Television in America is ruled by the ratings. New shows are launched all the time, and some will disappear within a few weeks, if the networks feel that the ratings are not at the level they expected. Some networks are hastier than others, and where Fox might (and has) cancel a show after just two or three episodes, HBO gives their shows the chance to prove themselves. A show like True Blood took a while to find its audience, before eventually getting regular viewing figures of around 5 million, and is a show that may have been cancelled had it been on another network.
Luck premiered last December on HBO, and its pilot episode drew over 1 million viewers. Almost as soon as the pilot episode was shown again in January to properly being the series, HBO announced that it had been renewed for a second season. But since then, the ratings have been less than impressive. The number has hovered around the 500,000 mark, a very low number for a network will almost 30 million subscribers. And to be honest, it’s not really a surprise that people aren’t latching on to the show and spreading the word about it.
Luck is not an easy show to fall in love with. The plots are slow-paced and complicated, and most of the characters have little to like about them. Nick Nolte’s aging trainer Walter seems like a good man, but he’s hardly someone who is going to keep people glued to their TV sets when he is on-screen. The biggest draw for Luck was getting Dustin Hoffman to star as Ace Bernstein, but although ace would appear to be the lynchpin of the show, the episodes so far have never made him the main focus, preferring to further the stories of other characters, most played by less recognisable actors.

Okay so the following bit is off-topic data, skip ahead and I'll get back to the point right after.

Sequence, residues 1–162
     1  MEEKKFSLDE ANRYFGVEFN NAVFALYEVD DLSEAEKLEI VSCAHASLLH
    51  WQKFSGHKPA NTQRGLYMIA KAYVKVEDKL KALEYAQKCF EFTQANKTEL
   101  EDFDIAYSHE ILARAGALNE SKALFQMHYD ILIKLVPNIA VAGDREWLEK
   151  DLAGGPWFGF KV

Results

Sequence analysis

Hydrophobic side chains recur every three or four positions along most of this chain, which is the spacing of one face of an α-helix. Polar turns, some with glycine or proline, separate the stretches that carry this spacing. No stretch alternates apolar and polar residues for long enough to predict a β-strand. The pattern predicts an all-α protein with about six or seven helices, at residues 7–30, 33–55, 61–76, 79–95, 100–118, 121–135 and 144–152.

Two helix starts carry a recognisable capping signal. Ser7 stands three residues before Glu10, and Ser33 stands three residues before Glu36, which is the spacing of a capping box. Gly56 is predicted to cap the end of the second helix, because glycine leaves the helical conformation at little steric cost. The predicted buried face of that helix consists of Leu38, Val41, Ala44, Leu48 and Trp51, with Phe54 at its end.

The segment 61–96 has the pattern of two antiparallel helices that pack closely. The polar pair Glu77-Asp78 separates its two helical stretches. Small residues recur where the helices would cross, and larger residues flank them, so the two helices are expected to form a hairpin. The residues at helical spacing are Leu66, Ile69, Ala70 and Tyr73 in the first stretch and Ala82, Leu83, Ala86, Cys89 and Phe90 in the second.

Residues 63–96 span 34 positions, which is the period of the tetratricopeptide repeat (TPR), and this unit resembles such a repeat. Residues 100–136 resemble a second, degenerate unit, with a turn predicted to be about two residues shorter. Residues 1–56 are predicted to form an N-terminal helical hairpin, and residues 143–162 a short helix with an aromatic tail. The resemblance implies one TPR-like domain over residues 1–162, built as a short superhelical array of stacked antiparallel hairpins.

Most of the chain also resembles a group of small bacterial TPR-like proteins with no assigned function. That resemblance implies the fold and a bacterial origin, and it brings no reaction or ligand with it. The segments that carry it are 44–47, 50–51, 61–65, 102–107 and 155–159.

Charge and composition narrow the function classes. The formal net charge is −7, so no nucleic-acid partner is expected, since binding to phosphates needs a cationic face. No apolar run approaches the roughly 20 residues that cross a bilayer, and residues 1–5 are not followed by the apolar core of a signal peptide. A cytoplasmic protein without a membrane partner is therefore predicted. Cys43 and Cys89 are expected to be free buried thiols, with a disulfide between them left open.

Talking of which, after Ronnie injured himself riding Walter’s horse Gettin’ Up Morning, Walter has re-enlisted Rosie to ride for him, and the episode opens with her getting the chance to get in the saddle and race. After the race is done, Walter is concerned that his horse is bleeding from the nose, but is re-assured by a vet that it is not a big problem. When the show does get back to Ace, he’s meeting with Mike on Mike’s yacht, and they are discussing business. It’s clear that the relationship between Ace and Mike has changed since Ace’s spell in jail, and their meeting is tense. Afterwards, Ace meets Claire (Joan Allen), and it seems like he is drawn to her, rather than the charity she represents. Jerry is gambling again, and his friends are desperately trying to stop him from losing all his money, and are forced to lie in order to get him away from a game where he is losing big but can’t stop himself from losing more.
So episode 4 is much like the first three episodes. There’s a little more information, a little more progression of the multiple plot-lines, but little to really draw you in. There are no cliff-hanger endings, and not a whole lot to get people talking about the show. HBO seem happy to back the show, but if it doesn’t make some progress soon, that second season may never actually happen.